April 8-14, 2023
Big news. The key news is the fall in industrial inflation, the possible start of deflation (about the same picture in China).
Let me remind you that we have repeatedly noted that a structural crisis can follow a deflationary or inflationary scenario. Experience 1930-32 frightened the US monetary authorities so much that they were ready to do anything to prevent a deflationary scenario (it is for this reason that the supporter of flooding the economy with “money from a helicopter”, Greenspan’s successor as head of the Fed, Benjamin Bernanke, received the nickname “Benya the Helicopter”).
As experience has shown, raising the rate and other methods of tightening monetary policy (the Fed was very actively reducing the money supply by selling securities on the balance sheet) gave a result, but not quite the one that was expected.
Consumer inflation has fallen, but clearly not enough:
In fact, numerous experts are talking about this, for example, JPMorgan CEO Jamie Dimon: “People should be ready for higher rates for a longer period.” But raising rates (or keeping the current ones) in the context of a declining economy (see the next section of the Review) will only lead to an acceleration of the recession. Which, we recall, has been going on for a year and a half and is hidden only due to underestimation of inflation. However, it is possible that soon it will not need to be underestimated, deflationary tendencies are clearly growing.
Macroeconomics. Industrial production in Britain -3.1% per year – the 17th consecutive minus:
Orders for machine tools in Japan -15.2% per year – the worst dynamics in 2.5 years:
Manufacturing sales in Canada -3.6% per month – the strongest decline in 3 years:
Building permits in Australia -31.1% per year – near record lows:
And their level rolled back to the values of 11 years ago:
The balance of house prices in Britain keeps in the red for 6 months in a row:
The average UK mortgage rate of 7.22% is a 15-year high:
China CPI +0.7% per year – minimum for 1.5 years:
PPI China -2.5% per year – bottom in almost 3 years:
There is already almost obvious deflation, apparently, and the real sector has very serious problems.
Inflation expectations in the US jumped to a 5-month high:
Here you need to comment. How is it that industrial inflation turns into deflation, consumer inflation somehow falls, and people expect prices to rise? But the fact is that there is some experience, as companies reduce prices amid falling demand, their debt grows. And, sooner or later, it comes to bankruptcies and / or closure of production, after which the remaining producers raise prices. This is no longer a market economy, this is an economy in falling markets, a completely different logic works.
Eurozone retail sales -3.0% per year – the strongest decline in 2 years, the 5th negative in a row and the 8th in the last 9
US retail -1.0% per month – 4th minus in the last 5 months:
Global sales of semiconductors -20.7% per year – at least since 2009:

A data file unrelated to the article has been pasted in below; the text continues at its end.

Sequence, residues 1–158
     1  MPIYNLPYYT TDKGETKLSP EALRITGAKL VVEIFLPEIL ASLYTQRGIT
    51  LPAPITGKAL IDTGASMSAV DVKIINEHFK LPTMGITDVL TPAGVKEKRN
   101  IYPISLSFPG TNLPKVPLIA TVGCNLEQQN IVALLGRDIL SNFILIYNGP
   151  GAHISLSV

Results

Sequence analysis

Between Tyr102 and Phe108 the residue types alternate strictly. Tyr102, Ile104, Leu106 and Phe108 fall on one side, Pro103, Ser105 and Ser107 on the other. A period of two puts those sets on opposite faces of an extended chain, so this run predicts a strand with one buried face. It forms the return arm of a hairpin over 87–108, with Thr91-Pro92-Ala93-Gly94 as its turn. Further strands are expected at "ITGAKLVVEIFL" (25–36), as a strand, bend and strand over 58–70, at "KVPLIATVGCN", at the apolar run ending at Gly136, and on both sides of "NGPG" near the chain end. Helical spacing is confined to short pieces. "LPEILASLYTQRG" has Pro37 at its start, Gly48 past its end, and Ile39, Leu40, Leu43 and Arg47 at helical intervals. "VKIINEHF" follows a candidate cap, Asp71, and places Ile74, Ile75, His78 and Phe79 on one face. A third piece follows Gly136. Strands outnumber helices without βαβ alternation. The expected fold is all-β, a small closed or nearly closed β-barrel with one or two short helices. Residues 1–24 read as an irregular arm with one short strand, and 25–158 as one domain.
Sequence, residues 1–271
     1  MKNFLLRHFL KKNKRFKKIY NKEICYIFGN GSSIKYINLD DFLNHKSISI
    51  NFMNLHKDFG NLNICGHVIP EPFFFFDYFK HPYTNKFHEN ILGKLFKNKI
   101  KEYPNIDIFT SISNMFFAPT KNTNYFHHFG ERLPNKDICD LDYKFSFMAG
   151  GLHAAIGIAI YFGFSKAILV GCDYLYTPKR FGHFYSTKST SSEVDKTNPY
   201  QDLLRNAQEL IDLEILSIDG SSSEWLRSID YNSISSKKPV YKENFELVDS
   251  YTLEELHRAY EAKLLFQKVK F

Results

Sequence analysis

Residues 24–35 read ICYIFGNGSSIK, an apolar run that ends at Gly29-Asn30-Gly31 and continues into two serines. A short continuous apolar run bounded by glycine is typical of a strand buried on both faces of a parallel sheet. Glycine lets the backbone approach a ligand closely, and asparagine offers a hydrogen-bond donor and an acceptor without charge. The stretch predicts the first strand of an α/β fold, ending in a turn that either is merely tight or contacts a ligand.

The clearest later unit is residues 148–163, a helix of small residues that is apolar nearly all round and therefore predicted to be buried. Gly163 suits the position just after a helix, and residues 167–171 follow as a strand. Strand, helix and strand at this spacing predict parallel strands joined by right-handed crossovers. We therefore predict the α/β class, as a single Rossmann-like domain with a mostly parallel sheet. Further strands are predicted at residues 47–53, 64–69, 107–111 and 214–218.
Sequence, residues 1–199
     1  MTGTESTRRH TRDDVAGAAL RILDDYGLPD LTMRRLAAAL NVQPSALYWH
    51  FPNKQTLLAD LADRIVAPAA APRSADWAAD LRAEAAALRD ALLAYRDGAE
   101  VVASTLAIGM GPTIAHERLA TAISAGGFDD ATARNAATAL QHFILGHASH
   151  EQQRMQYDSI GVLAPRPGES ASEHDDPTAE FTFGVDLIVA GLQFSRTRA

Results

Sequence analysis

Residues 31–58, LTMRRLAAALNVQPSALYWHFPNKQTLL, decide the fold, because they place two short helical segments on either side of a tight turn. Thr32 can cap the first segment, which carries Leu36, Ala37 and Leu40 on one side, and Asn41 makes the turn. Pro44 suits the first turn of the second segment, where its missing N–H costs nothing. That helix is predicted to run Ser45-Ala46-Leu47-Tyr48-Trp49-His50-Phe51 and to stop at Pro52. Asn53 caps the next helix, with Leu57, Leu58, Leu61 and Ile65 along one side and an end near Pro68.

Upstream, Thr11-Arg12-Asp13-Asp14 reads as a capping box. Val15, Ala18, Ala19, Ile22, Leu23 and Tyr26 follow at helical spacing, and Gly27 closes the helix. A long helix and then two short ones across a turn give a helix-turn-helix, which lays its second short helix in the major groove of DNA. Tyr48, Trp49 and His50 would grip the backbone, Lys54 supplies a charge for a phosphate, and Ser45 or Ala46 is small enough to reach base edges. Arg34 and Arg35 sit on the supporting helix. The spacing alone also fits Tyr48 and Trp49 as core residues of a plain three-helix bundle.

The Central Bank of South Korea left the monetary policy the same, as did the Central Bank of Canada. But the published minutes of the last meeting of the US Federal Reserve confirmed the readiness of the board to continue tightening monetary policy. The phenomenon of stagflation is already taking place (a decline in production against the background of still high even nominal inflation, not like real inflation). Powell wants to reinforce this trend? Well, he has the right, in the end, we are talking only about options for a recession, it still won’t be possible to stop it!
As expected, after the banking crisis, which resumed issuance support for the financial sector, the banks are doing well:
JPMorgan reported a 52% increase in earnings to $12.62 billion, or $4.10 per share, for the three months ended March 31. Excluding non-recurring costs, the bank earned $4.32 per share, beating analysts’ average expectations of $3.41 per share.
Wells Fargo’s net interest income rose 45% to $13.34 billion. The bank earned $1.23 per share, excluding non-recurring items, for the quarter ended March 31. That’s up from the average analyst estimate of $1.13 per share.
Citi earned $1.86 per share in the first quarter, beating the average analyst estimate of $1.67. Net income rose 7% to $4.6 billion, or $2.19 per share, from $4.3 billion, or $2.02 per share, a year earlier.
BlackRock, the world’s largest asset manager, posted adjusted earnings of $7.93 per share. The consensus forecast was for earnings of $7.76 per share.
But for households, the picture does not look so optimistic:
And this is taking into account official inflation indicators. And if you take into account the real, then household spending will fall (compare with retail sales in the previous section).
At the same time, the picture looks more and more distorted in the financial markets:
When the yield of “short” securities is greater than “long” ones, and for a sufficiently long time, we can safely say that the market is in a very unstable state. Previously, this was generally a very convincing sign of a recession, but now, when the entire system is in the “red” zone, there is no need to talk about any stable indicators. Involuntarily, investors begin to get nervous, which does not add stability.
Happy Easter to all our Orthodox readers! To the rest of you, we wish you a pleasant weekend and a trouble-free working week!